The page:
How to Prevent UTI – 8 Ways You Can!

How to Prevent UTI

Urinary Tract Infections (UTIs) are a common occurrence, especially among people with vaginas. However, with conscientious hygiene practices and lifestyle adaptations, it’s possible to significantly lower the risk of contracting one. This article presents an in-depth guide on how to prevent UTI, offering practical and effective strategies that can be integrated into daily routines.

Understanding UTIs

A UTI is an infection that affects the urinary system, specifically the lower urinary tract comprising of the bladder and urethra. The most common symptom is a constant urge to urinate, accompanied by a burning sensation during urination and cloudy urine.

The primary culprit behind UTIs is the E.coli bacteria, commonly found around the anus. People with vaginas are more susceptible to UTIs due to the shorter length of their urethra, allowing bacteria to reach the bladder more easily.

While UTIs can’t be completely evaded, their frequency can be significantly reduced with the right preventive measures.

Adopting Proper Hygiene

Wiping Technique

The rectum is a significant source of E.coli; hence it’s crucial to wipe the genitals from front to back after using the restroom. This practice reduces the chance of transferring E.coli from the anus to the urethra. This is particularly important during bouts of diarrhea, which may increase the chance of E.coli spreading to the urethra.

Frequency of Urination

Resisting the urge to urinate can encourage bacterial growth, making it essential to heed nature’s call promptly. Experts recommend not waiting more than 3 to 4 hours to urinate and ensuring complete emptying of the bladder each time. This frequency should be increased during pregnancy, as the condition puts individuals at a heightened risk of UTIs.

Pre and Post-Coital Urination

Sexual activity escalates the chances of contracting a UTI due to the potential transfer of bacteria into the urethra. A simple solution can be urination before and after sexual activity to flush out potential UTI-causing bacteria. Additionally, a gentle genital wash before sex can further reduce the risk.

Fluid Intake

Maintaining hydration is key in UTI prevention. A well-hydrated system ensures frequent urination, which aids in flushing out bacteria from the urinary tract.

Water is the ideal choice of fluid, with a recommended intake of 6 to 8 glasses per day. In case of difficulty consuming this water volume, other fluids like herbal tea, milk, or smoothies can be included. Alcohol and caffeinated drinks should be avoided as they can potentially irritate the bladder.

Cautious Use of Scented Products

The vagina naturally houses a variety of microbes, including Lactobacilli, which help maintain a healthy pH level. Scented feminine products can disrupt this balance, leading to an overgrowth of harmful bacteria, and, ultimately, UTIs.

Avoid the use of products such as:

  • Douches
  • Scented pads or tampons
  • Scented powders
  • Deodorant sprays

Scented bath oils, soaps, and bubble baths can also irritate the genital area and cause an imbalance in vaginal bacteria.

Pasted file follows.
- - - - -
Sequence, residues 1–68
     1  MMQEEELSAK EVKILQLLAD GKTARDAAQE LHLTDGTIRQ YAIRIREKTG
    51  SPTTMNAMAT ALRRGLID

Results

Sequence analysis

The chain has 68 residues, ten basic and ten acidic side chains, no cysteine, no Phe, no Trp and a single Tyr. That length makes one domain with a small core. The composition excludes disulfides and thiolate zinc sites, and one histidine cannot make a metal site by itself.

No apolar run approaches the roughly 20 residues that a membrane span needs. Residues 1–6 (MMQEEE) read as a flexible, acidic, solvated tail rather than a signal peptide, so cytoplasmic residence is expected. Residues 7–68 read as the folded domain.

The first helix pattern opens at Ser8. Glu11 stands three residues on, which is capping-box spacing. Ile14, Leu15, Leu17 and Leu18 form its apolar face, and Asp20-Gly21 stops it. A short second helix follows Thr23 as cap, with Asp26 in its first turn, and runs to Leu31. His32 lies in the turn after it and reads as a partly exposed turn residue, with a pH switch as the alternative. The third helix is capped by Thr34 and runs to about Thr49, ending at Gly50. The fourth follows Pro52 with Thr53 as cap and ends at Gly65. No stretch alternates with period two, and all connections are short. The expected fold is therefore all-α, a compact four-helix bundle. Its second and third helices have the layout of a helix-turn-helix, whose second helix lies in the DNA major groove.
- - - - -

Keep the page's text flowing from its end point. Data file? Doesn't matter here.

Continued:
Re-evaluating Birth Control Options

Certain types of birth control might promote an overgrowth of harmful bacteria. This includes:

  • Diaphragms
  • Non-lubricated condoms
  • Spermicides
  • Spermicidal condoms

If you suspect your birth control method is contributing to frequent UTIs, consult your healthcare provider. They can guide you towards an alternative method suitable for you.

Probiotic Intake

Probiotics are live microorganisms that promote good gut bacteria and may also aid in maintaining a healthy bacterial balance in the urinary tract. Strains of Lactobacilli have been particularly associated with lesser UTI occurrences. Probiotics can be incorporated into the diet through fermented foods like yogurt, kefir, sauerkraut, and tempeh or via probiotic supplements.

UTI Supplements

Companies like Uqora focus on developing natural supplements specifically for UTI prevention. Always consult a healthcare provider before starting such supplements.


In recurrent or treatment-resistant UTIs, a small daily dose of oral antibiotics might be recommended by your doctor. These antibiotics help control harmful bacteria and prevent UTIs. However, prolonged use can lead to antibiotic resistance, which should be discussed with your healthcare provider.

Cranberry Consumption

Cranberries have traditionally been used as a home remedy for UTIs, thanks to their compounds called proanthocyanidins that may prevent E.coli from adhering to tissues in the urinary tract. However, scientific research shows mixed results, and while they are a low-risk remedy, it’s advisable to consume unsweetened, pure cranberry juice or fresh cranberries rather than sugary cranberry cocktails.


UTIs, while common, can be effectively managed and prevented with the right strategies. By adopting good hygiene practices, staying hydrated, being cautious with the use of scented products, and making informed choices about birth control, it’s possible to lower your risk of contracting a UTI. Remember, consultations with healthcare providers are crucial before making any significant changes to your lifestyle or diet. Stay informed, and stay healthy!